I\’m always hesitant to proclaim that economic growth is finding a foothold in sub-Saharan Africa. There were just too many reports in the 1960s, 1970s, 1980s, and even the 1990s that growth in Africa was on the verge of taking off–only to see disappointment a few years later. But Africa\’s economic and social statistics in the last decade or so do look genuinely promising. The World Bank puts out an \”Africa\’s Pulse\” report twice per year, and the most recent edition offers some statistics.
Here are some rates of real GDP growth for sub-Saharan Africa, shown by the yellow line. The blue bars, for comparison show the annual growth rates for real GDP among the other developing economies of the world, although excluding China, which is now classified by the World Bank as an \”upper-middle-income\” economy. The red line leaves out South Africa, which is also classified as an \”upper-middle-income\” economy by world standards, and which has been lagging the growth rates of the rest of sub-Saharan Africa for most of the last decade. There\’s clearly a hiccup with the global financial and economic woes of 2009, but a rapid and quick bounce-back in the last few years.
Africa\’s faster-than-average-for developing-countries growth rates are paying off in lower poverty rates. The share of the population in resource-poor countries in sub-Saharan Africa that is below the $1.25/day level of consumption fell from 65% in the late 1990s to 49% in the last few years. Rates of inequality as measured by the Gini coefficient are down as well. More detailed data also show gains in a wide variety of areas: child mortality, life expectancy, school attendance, access to sanitation, and others.
Perhaps the main overall question about Africa\’s growth performance in the last decade is how much it has been driven by higher global prices for raw materials and commodities–and thus if Africa\’s growth will again plummet if these prices sag. As the report says:
\”Continued demand for Africa’s natural resources as well as the recent discoveries of oil, gas and minerals in, among others, Ghana, Uganda, Kenya, Tanzania and Mozambique, together with an improved macro-economic environment, sustain prospects for robust economic growth. The pertinent question is how more of the new found resource wealth can be converted into fiscal revenues and effective public spending to foster sustainable development, improve human welfare, and generate more rapid income poverty reduction. In other words, how can we avoid another “resource curse.” … Three core legs of natural resource management, each embodying their own political dynamics, are highlighted: 1) extraction—transparency regarding terms of contracts; 2) taxation—efficiency in tax collection; and 3) investment of resource rents—careful prioritization of public investment.\”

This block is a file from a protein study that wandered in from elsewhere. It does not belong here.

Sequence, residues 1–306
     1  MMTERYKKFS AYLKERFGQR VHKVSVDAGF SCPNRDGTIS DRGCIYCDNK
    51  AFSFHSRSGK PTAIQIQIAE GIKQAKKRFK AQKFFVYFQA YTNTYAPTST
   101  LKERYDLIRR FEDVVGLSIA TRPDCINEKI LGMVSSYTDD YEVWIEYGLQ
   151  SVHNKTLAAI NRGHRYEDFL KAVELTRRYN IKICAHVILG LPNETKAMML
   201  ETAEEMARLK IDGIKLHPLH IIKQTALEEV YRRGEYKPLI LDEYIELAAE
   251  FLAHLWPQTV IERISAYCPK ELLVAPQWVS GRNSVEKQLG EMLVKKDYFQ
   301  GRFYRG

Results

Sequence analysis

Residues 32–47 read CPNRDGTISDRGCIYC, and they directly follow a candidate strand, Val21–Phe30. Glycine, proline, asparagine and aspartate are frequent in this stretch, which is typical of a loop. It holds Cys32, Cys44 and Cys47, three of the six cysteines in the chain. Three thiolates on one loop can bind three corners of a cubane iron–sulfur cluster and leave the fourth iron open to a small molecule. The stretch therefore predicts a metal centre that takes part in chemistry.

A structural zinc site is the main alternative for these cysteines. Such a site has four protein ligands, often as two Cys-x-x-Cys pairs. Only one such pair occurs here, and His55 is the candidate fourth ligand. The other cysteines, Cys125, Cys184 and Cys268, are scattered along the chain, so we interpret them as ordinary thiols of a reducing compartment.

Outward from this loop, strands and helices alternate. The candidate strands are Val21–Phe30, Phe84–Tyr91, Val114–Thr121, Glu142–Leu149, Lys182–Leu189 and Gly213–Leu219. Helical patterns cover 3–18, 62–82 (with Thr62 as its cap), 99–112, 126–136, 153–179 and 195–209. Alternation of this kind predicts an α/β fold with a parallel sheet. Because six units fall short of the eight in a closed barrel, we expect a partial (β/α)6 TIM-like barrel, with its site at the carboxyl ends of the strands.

This figure divides economic growth between resource-rich and resource-poo countries of sub-Saharan Africa. Clearly, growth has been faster in the resource-rich economies. But the future also shows that compared with Africa\’s truly dismal economic record in the 1980s and 1990s, the last decade doesn\’t look so bad.
The question for Africa is to build broad-based growth: that is, not just economic growth based on higher prices for natural resources and commodities, but growth more broadly based on raising productivity in agriculture and manufacturing, on connections in global markets, on provision of services in expanding cities, on expanding infrastructure, and more. Maybe Africa\’s time in the economic sunshine is coming.